Dear Cedric

Dear Cedric,

I’m fat! I’m fed up with diet and exercise. What can I do?

Britney S.

Dear Britney,

Please don’t use the “F” word. It hurts my ears. That’s because, in the medical lexicon, “fat” doesn’t exist. Only bullies would use such a hateful word. In medicine we prefer the sterile scientific term: obese.

But who’s obese? You may think you’re a heavy person, but how do you really know? Where can you turn for that confirmation? You can refer to the handy scale called the Body Mass Index, or BMI. Use an online calculator to instantly get your number. Your BMI number then labels you with the appropriate title:

Less than 18.5              Underweight

18.5-24.9                     Normal weight

25-29.9                        Overweight

30-39.9                        Obese

Greater than 39.9          Morbidly Obese

Everyone should know his or her BMI. You should memorize it like your PIN number or shoe size. Moreover, it’s a handy way to refer to people. For example: “I went on a date with this hot 18.9 last weekend.” Or: “She wears so much black you nearly forget she’s a 31.2.” Or: “He cooks like a 20.4, but smells like a 44.2.”

So, back to your question, Britney. What do you do if you really are overweight? Or, Lord forbid, obese? With the help of modern science, you don’t have to rely on pesky exercise and diet. Or even a tummy tuck (the scars!). If you have a BMI>30, then you can qualify for medicine. Yes, pharmacologic weight loss. There are three main types of pills you can use:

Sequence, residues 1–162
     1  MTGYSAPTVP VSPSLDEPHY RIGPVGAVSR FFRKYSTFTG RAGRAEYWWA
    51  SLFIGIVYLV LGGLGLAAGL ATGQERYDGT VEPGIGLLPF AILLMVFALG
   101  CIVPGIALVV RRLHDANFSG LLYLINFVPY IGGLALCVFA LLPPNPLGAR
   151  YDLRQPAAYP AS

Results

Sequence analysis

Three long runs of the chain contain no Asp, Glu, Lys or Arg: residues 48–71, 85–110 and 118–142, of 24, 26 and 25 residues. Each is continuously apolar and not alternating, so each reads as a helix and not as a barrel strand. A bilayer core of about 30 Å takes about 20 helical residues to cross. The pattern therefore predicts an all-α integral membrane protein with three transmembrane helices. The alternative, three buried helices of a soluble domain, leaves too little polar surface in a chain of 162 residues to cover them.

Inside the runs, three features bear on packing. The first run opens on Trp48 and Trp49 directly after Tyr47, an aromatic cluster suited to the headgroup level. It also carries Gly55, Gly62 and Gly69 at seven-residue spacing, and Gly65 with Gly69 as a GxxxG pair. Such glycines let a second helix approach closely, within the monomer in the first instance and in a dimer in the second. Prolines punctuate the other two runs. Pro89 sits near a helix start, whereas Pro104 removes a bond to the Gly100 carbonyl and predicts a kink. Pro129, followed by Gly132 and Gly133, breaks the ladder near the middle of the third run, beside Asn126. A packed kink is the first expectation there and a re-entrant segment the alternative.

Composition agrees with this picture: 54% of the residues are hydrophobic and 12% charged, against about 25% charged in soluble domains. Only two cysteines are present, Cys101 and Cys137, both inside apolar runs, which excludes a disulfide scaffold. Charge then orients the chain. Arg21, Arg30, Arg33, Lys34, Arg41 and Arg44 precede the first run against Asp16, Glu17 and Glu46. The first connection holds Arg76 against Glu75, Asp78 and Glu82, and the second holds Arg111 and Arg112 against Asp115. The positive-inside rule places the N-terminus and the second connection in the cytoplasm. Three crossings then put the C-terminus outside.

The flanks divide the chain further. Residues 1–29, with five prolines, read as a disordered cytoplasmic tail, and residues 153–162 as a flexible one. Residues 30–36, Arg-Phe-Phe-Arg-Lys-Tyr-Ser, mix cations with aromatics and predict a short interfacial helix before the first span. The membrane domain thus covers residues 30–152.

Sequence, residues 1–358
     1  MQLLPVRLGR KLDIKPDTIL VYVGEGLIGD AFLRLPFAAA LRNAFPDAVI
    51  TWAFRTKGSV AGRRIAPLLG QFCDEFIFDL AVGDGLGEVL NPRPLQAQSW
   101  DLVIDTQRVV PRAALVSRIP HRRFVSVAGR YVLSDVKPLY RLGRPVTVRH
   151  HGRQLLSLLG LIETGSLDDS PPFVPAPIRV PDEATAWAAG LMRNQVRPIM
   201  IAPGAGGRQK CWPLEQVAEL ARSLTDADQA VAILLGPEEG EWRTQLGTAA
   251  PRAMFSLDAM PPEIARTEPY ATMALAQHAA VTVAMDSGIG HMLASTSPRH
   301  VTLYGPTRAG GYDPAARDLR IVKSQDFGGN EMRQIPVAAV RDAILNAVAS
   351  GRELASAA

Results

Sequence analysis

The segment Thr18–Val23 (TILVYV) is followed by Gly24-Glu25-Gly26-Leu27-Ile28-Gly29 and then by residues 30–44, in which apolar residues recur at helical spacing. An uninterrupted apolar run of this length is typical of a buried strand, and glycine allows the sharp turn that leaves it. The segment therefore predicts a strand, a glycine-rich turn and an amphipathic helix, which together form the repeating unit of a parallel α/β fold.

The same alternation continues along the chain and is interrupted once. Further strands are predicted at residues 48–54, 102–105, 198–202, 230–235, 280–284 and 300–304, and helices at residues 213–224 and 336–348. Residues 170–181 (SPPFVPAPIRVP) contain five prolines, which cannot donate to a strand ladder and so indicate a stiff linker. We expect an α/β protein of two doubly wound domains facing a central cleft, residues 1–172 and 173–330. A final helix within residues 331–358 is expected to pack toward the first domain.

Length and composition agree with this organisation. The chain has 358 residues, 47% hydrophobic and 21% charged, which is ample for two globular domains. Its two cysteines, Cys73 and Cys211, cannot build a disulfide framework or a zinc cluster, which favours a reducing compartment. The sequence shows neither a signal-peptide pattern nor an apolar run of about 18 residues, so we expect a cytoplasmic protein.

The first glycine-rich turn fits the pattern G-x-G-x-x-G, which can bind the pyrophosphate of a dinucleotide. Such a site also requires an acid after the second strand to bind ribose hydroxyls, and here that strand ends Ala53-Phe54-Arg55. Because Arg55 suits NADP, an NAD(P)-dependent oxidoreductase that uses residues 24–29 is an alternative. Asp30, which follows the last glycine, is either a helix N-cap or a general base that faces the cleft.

1. Stimulants (Phentermine, Adipex, Bontril, Didrex, etc) These speed up your metabolism. Possible side effects: heart valve destruction, high blood pressure, and pulmonary hypertension.
  2. Neurotransmitter adjustor (Meridia) By altering your neurotransmitters—seratonin, norepinephrine, dopamine—it lowers the “hunger” cravings coming from your brain. Possible side effects: high blood pressure, stroke, and seizure.
  3. Fat binder (Xenical) It binds to fat in your stomach and makes you stool out the fat before it can be absorbed. Possible side effects: fecal incontinence, stool leakage with flatulence, and oily buoyant stools.

Unfortunately, none of these medicines permanently keeps off weight without diet and exercise. But, as part of a balanced regimen, they can help a person reach the magical “25.” Good luck on your journey back to normalcy.

3 responses to “Dear Cedric”

  1. Mary-Kate says:

    Ok, so if I do colonics will that help with the fat binder side effects?


  2. Ashley says:

    This BMI-thingy is totally unhelpful. Can you put it to me this way?

    Scary-icky Calista skinny

    Breaking-headlines Mary-Kate skinny

    Still there Lindsay Lohan skinny

    Totally ignored by the tabloids skinny

    Thank you,

  3. Jasper says:

    Girls, girls, just eat tons of watermelon and wear a diaper. No one will be able to tell under all those ponchos and afghans. Oh shit, here comes my mother. Gotta go.